A new report released by Internet statisticians Nielsen NetRatings contends that educational and reference-oriented sites are experiencing a dramatic increase in traffic, and currently reach nearly one-third of all Web users.
The New York-based research outfit said that educational destinations such as Wikipedia, Yahoo Education and eHow have seen a 22 percent jump in unique impressions since September 2004, and have been accessed by 31 percent of all Internet users.
The company maintains that the boost in activity was driven largely by college-educated Web surfers over 35 years in age who visit the sites seeking information traditionally offered in encyclopedias and other offline reference guides.
According to Nielson NetRatings, the Wikimedia Foundations “open access” encyclopedia site, Wikipedia, built largely through the work of volunteers, saw its traffic grow by a staggering 289 percent, recording nearly 12.8 million hits last month, compared to 3.38 million visits in September 2004.
Yahoo Inc.s education portal saw its traffic climb by 205 percent, tracking over 3.2 million hits last month compared to roughly 1 million visits for the same period last year.
eHow Inc. experienced a 97 percent jump to 2 million hits in Sept. 2005, compared to just over one million the year before.
Other educational sites benefiting from the trend include CollegeBoard.com, City-Data.com and Thesaurus.com.
Overall the educational sector saw its visits grow from just under 38 million in Sept. 2004, to over 46 million last month, according to the report.
Nielsen NetRatingss survey found that 53 percent of the people using the reference sites were college-educated adults aged 35 and older, with adults between the ages of 35 and 49 representing the largest share of visitors at 37 percent.
By comparison, people under the age of 18 years accounted for only 16 percent of the traffic.
Gerry Davidson, analyst with Nielsen NetRatings, said that sites such as Wikipedia that can produce results for queries on a broad set of topics continue to show the most promise, with eHow serving as another example of the breed.
He said that other reference-oriented projects, such as search giant Google Inc.s ongoing Google Print effort, which aims to index many of the books typically found in college libraries, will bring even more attention to the segment.
“We believe that sites that offer a broader range of information will grow faster, and obviously Wikipedia is proving itself to be one of the most widely used resources on the Internet,” said Davidson.
“There has also been some graying of the boundaries between education and reference sites, as the people building the resources see that there is a big market for sites that offer information on a wide range of subjects.”
While companies including Yahoo, Google and Microsoft Corp.—who has long maintained its MSN Encarta reference site—are already trying to capitalize on the demand for the educational tools, Davidson said that it is likely that even more firms will launch competing offerings in the future.
For its part, the Wikimedia Foundation is a nonprofit organization that is operated on donations from the public.
“People are seeing the traffic and interest increase, so it wont be surprising when even more sites come online that copy the format of the existing leaders,” said Davidson.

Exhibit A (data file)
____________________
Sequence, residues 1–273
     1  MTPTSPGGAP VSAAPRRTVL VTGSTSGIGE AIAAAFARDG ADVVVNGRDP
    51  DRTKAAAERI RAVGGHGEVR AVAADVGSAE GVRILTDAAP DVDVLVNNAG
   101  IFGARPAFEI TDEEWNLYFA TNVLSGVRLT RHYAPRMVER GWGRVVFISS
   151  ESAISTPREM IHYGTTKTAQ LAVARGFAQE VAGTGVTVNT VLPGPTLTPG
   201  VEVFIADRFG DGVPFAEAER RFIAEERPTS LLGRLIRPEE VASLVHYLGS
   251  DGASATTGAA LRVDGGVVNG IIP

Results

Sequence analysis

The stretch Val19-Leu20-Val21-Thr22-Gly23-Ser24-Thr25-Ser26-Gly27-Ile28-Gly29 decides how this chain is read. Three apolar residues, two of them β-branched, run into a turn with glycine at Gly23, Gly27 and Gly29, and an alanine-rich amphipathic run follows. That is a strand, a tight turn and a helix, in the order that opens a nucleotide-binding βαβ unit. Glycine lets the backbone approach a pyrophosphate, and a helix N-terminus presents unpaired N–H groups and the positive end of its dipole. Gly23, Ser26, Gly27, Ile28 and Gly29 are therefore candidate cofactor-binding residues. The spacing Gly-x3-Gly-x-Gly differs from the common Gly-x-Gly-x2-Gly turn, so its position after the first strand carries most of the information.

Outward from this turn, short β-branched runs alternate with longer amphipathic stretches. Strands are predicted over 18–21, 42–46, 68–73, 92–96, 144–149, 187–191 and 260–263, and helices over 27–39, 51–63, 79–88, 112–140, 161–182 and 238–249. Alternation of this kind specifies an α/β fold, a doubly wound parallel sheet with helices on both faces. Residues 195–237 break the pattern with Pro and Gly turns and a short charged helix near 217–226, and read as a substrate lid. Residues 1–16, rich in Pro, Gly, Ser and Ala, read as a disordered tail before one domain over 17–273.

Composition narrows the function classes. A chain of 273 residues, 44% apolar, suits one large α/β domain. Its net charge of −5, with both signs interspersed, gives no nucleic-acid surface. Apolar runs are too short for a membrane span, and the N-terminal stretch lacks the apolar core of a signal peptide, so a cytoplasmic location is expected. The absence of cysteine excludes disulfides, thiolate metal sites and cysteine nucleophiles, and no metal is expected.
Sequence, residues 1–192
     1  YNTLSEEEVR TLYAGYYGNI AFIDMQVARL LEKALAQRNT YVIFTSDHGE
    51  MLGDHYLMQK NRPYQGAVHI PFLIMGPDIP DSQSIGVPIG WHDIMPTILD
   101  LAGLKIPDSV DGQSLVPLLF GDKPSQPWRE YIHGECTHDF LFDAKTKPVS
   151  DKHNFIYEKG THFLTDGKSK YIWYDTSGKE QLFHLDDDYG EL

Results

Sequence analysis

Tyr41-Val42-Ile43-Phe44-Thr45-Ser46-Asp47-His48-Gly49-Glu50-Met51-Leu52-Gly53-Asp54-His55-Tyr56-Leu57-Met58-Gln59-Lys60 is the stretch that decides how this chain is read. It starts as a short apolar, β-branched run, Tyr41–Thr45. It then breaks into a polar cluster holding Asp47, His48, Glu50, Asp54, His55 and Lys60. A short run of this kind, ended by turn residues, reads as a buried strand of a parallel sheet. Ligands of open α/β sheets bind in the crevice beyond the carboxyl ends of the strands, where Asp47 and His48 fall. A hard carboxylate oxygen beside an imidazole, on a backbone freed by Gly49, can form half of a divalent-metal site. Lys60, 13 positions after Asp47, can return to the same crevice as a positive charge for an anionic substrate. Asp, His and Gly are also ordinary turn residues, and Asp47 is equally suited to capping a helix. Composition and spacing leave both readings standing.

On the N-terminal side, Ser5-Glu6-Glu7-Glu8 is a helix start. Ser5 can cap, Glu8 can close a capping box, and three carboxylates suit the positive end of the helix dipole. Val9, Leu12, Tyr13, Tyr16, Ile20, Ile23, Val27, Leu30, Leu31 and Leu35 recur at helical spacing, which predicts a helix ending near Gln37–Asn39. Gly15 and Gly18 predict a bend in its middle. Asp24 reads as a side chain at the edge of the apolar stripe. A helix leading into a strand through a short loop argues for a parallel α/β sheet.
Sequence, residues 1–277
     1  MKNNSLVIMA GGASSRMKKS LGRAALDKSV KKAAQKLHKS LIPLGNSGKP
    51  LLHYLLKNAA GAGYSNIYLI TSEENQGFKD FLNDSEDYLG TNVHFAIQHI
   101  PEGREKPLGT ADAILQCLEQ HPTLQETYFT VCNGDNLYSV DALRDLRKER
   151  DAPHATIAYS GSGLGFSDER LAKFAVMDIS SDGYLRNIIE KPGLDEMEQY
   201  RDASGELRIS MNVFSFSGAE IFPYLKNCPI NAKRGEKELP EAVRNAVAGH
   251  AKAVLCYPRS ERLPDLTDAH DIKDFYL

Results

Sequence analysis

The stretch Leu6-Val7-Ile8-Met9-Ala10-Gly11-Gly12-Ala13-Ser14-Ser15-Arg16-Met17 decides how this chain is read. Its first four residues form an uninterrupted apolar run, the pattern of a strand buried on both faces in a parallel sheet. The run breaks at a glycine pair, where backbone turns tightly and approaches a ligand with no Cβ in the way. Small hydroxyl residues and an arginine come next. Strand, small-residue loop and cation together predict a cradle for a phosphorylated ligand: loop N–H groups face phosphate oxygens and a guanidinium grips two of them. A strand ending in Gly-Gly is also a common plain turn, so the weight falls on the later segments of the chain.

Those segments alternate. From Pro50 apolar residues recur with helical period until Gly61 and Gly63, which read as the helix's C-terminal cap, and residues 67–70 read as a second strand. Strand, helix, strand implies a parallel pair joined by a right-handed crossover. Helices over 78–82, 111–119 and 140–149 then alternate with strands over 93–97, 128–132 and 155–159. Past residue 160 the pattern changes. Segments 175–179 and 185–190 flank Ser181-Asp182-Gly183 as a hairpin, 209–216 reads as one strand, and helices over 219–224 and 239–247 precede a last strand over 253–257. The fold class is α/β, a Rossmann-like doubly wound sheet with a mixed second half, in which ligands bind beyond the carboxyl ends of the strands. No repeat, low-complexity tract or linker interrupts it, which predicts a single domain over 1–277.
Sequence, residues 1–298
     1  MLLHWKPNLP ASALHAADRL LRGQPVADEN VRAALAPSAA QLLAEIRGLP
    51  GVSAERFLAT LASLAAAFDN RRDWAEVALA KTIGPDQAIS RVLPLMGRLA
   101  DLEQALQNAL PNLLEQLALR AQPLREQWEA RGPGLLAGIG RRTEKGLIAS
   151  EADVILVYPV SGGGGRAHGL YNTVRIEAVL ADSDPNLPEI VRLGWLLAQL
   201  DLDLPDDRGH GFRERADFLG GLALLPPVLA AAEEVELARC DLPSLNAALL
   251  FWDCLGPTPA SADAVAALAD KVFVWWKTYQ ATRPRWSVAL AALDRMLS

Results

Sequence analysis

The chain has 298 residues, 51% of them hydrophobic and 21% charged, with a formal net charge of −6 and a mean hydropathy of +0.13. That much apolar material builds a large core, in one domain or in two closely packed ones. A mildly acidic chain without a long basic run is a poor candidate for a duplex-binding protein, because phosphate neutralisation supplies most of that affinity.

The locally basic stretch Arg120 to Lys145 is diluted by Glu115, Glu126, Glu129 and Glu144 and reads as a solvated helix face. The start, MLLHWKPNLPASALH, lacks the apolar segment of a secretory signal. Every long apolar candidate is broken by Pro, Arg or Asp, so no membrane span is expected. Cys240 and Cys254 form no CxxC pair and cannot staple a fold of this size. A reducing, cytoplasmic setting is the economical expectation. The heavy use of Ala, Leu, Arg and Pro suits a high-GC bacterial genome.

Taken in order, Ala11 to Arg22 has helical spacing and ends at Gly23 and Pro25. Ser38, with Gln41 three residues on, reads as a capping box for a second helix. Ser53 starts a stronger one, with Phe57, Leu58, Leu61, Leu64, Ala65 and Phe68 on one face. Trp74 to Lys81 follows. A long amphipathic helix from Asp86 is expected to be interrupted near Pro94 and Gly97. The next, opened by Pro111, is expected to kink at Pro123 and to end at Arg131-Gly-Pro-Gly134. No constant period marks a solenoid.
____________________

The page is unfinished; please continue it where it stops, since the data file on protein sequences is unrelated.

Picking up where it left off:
“But when you see that Encarta didnt even crack the top ten sites in terms of traffic, you begin to understand thats its not an easy space to succeed in.”
Other areas of the education technology market are also experiencing significant maturation. On Tuesday, two of the top providers of software to the teaching community, Blackboard Inc. and WebCT Inc., announced a $180 million agreement to merge.
In an instance of growing pains, Google agreed to put off its Google Print site in August while it tries to quell copyright issues raised by groups including the Authors Guild and the Association of American University Presses.
Wikipedias encyclopedia model, which relies volunteers to gather, edit and publish its supply of over 770,400 articles on everything from the Bible to American pop culture has clearly found a home with many users, and it ranks among the 50 most visited sites on the Internet, according to Alexa Internet Inc.
Both the analyst and individuals responsible with running the site agree that it has been the communal nature of the online encyclopedia project that has made it so successful.
“Wikipedia is really in a class of its own right now,” Davidson said.
According to Danny Wool, director of grants for Wikimedia, users have responded to the quality of the sites definitions because the collaborative nature of creating the entries leads to better accuracy and relevancy.
“Since the information we are getting is coming from our users, its also expressed more effectively than in traditional encyclopedias, as the language is more easily understandable compared to academic publications,” he said.
“People like that this is not some ivory tower pursuit. By letting everyone throw in their own 2 cents, we get a more realistic picture of complex topics.”
Another reason Wool believes that users are turning to the Internet to do reference work, rather than to text books, is that Wikipedia is constantly updating its index to reflect new discoveries or news effecting many of its entries.
For instance, each time NASAs Voyager spacecraft studies the area surrounding Jupiter, it discovers new moons of the planet, information on which is added to the Web site.
“What the site truly allows is an environment much like the Greek scholars sitting down to compare all their ideas on a daily basis,” said Wool.
“Its an exchange of information that is constantly growing, and changing.”